St Andrew's church, Ashby Puerorum :: Shared Description

Grade II listed.
The church consists of a west tower, nave with north aisle and porch and a chancel.
It is not clear when the church in Ashby Puerorum was built but written evidence suggests somewhere in the mid 13th century. The church was built before Bishop Oliver Sutton became Bishop of Lincoln (1280-1299) because it is recorded he assigned revenues from the vicarage to the upkeep of Lincoln Cathedral’s choirboys. The church’s farm also provided a scholarship for one of the choirboys at the Cathedral. So much was the association with the cathedral that Bishop Sutton renamed the village Ashby Puerorum, the latter being Latin meaning “of the boys”. One of the bells bears a date of 1150, so it is possible the church was built around this period although the tower is not believed to have been built until 1314.
In or around 1676 the church acquired a silver Caudle Cup. It is one of only two such cups in the county and was used to administer caudle, “warm ale or wine mixed with bread or gruel, eggs, sugar and spices that was given to invalids”. The caudle cup is still used in church services as the Communion Cup. There is a drawing of the church in 1790 in the Banks Collection in which the chancels appear to be longer. The church was restored in 1850 and the chancel was restored in 1878 by Ewan Christian. In 1909 it was reported that “A good deal has been done in the way of beautifying and furnishing the church.”
By the late 1920’s Saint Andrew’s must have been starting to fall into disrepair, especially the tower. A survey revealed that although the tower was basically sound there was extensive damage caused by the weather getting into the stonework and causing cracking, the effects of rusting ironwork and mason or masonry bees. The survey lists the work needed to repair the tower and the estimated cost at £350.
A new organ was given to the church and dedicated on 28th September 1939 in memory of Frederick and Lily Hilda Middleton and presented by their daughter Mrs Phyllis Neal Green.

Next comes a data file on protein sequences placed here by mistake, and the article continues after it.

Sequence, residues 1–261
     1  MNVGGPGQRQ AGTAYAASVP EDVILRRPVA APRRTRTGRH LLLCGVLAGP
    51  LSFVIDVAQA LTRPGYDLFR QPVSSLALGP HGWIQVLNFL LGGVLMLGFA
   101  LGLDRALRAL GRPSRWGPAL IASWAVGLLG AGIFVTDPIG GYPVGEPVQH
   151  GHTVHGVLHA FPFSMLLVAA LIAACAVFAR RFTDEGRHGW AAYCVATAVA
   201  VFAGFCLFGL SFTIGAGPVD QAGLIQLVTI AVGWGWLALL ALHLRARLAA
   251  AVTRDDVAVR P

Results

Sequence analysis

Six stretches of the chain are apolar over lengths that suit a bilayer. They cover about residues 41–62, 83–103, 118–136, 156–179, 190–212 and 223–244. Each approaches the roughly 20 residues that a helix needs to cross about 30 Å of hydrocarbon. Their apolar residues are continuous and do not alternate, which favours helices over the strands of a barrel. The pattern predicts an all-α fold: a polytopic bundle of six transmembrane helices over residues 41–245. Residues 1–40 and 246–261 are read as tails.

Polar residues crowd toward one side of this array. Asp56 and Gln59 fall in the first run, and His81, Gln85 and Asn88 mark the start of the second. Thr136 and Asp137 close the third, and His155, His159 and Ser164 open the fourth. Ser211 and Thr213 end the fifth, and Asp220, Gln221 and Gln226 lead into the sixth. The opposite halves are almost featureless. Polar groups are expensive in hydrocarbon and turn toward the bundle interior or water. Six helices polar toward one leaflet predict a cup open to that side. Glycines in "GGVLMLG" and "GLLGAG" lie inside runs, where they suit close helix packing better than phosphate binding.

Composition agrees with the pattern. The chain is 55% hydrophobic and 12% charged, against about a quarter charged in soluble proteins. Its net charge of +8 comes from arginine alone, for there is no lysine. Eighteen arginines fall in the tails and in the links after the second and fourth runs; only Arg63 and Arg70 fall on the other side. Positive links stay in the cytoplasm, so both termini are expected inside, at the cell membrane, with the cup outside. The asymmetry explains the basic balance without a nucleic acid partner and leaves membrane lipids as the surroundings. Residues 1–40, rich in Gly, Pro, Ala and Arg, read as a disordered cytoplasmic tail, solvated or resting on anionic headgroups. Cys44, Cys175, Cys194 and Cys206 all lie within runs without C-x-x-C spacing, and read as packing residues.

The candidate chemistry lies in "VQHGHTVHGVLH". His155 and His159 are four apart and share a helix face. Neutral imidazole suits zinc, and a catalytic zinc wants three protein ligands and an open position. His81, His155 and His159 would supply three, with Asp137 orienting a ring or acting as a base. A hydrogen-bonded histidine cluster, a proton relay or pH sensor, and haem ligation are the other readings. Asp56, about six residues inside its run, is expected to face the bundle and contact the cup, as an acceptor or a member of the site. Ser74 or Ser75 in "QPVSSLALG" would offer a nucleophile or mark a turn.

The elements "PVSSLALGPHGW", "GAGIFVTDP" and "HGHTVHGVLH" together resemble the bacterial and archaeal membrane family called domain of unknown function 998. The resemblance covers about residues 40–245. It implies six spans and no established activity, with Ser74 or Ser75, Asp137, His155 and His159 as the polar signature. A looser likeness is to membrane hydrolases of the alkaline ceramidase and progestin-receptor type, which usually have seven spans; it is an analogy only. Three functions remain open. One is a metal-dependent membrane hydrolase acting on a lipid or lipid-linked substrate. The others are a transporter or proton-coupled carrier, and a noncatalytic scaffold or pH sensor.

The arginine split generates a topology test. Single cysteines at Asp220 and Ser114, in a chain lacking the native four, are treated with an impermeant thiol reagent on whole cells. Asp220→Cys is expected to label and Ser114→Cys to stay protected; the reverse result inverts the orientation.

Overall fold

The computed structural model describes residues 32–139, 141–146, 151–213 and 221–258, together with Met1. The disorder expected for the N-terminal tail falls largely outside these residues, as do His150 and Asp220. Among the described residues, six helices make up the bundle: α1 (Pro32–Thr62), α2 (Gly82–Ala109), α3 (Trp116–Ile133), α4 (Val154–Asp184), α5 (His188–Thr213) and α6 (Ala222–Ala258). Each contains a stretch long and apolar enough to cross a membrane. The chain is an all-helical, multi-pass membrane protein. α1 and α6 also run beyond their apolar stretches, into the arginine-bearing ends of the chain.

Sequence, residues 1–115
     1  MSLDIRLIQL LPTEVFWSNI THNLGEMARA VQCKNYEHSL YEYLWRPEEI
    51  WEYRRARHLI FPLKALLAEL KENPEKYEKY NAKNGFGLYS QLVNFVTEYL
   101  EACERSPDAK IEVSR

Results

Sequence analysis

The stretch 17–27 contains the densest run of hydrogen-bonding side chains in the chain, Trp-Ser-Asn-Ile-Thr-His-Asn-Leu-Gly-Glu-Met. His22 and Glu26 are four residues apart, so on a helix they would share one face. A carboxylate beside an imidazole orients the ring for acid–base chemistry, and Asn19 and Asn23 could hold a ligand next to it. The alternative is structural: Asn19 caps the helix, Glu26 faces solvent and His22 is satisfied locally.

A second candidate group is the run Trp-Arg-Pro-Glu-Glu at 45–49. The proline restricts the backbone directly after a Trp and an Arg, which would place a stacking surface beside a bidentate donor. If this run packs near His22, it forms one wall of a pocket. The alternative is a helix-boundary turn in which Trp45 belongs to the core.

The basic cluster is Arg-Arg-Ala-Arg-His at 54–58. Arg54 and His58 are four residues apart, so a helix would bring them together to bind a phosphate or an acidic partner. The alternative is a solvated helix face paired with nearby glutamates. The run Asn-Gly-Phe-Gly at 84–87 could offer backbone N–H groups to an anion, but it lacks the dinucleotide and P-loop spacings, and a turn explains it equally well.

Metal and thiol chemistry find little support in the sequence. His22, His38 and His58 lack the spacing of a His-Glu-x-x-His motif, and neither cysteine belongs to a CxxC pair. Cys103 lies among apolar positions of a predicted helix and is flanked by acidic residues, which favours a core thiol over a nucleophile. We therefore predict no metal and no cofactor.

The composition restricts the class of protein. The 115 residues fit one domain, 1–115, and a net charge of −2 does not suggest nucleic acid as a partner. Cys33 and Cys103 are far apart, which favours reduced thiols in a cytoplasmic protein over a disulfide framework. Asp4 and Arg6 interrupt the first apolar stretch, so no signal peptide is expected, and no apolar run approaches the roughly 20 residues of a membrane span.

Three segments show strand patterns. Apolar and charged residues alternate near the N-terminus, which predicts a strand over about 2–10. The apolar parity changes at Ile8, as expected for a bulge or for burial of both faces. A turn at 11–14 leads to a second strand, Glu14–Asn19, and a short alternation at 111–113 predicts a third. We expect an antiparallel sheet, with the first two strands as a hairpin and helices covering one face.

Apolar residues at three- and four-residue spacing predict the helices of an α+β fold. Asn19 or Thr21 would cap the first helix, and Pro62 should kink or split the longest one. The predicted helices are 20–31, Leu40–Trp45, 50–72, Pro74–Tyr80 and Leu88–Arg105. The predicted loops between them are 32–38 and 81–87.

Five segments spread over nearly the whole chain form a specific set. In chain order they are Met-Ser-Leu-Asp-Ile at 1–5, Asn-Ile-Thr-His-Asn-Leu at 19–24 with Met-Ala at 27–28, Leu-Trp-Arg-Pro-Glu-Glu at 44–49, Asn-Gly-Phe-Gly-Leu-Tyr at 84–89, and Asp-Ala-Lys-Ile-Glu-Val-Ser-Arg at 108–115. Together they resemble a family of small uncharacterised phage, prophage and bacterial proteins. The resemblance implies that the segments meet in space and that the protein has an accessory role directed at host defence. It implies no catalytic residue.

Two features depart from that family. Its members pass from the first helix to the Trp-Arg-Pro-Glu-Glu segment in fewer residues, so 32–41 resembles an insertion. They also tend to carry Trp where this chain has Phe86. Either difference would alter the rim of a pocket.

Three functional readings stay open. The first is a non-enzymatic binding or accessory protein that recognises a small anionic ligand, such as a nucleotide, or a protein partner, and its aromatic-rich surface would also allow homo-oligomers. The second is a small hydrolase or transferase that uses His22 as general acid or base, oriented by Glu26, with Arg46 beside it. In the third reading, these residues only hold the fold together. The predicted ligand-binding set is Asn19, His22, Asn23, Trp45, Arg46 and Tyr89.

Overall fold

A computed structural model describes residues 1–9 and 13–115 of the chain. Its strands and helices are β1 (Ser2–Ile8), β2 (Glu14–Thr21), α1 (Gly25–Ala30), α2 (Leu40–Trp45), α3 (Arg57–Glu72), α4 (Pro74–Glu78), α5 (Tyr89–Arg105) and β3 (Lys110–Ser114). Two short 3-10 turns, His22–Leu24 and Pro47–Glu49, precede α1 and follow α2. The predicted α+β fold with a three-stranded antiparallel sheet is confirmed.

Saint Andrew’s is constructed with dressed greenstone with ashlar dressings. The tower has a substantial amount of brickwork especially in the buttresses and parapet. The porch, nave and chancel roofs are slate with stone coped gables and the tower roof is of lead.
by Julian P Guffogg
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10 images use this description:

TF3271 : Lytleburye Brasses, St Andrew's church, Ashby Puerorum by Julian P Guffogg
TF3271 : Interior, St Andrew's church, Ashby Puerorum by Julian P Guffogg
TF3271 : St Andrew's church, Ashby Puerorum by Julian P Guffogg
TF3271 : St.Andrew's nave by Richard Croft
TF3271 : Church path by Richard Croft
TF3271 : St Andrew's church, Ashby Puerorum by J.Hannan-Briggs
TF3271 : St.Andrew's nave by Richard Croft
TF3271 : St.Andrew's church by Richard Croft
TF3271 : Brasses of Lytleburye Family, St Andrew's church, Ashby Puerorum by J.Hannan-Briggs
TF3271 : Interior, St Andrew's church, Ashby Puerorum by J.Hannan-Briggs


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Created: Sat, 21 Apr 2012, Updated: Sat, 21 Apr 2012

The 'Shared Description' text on this page is Copyright 2012 Julian P Guffogg, however it is specifically licensed so that contributors can reuse it on their own images without restriction.

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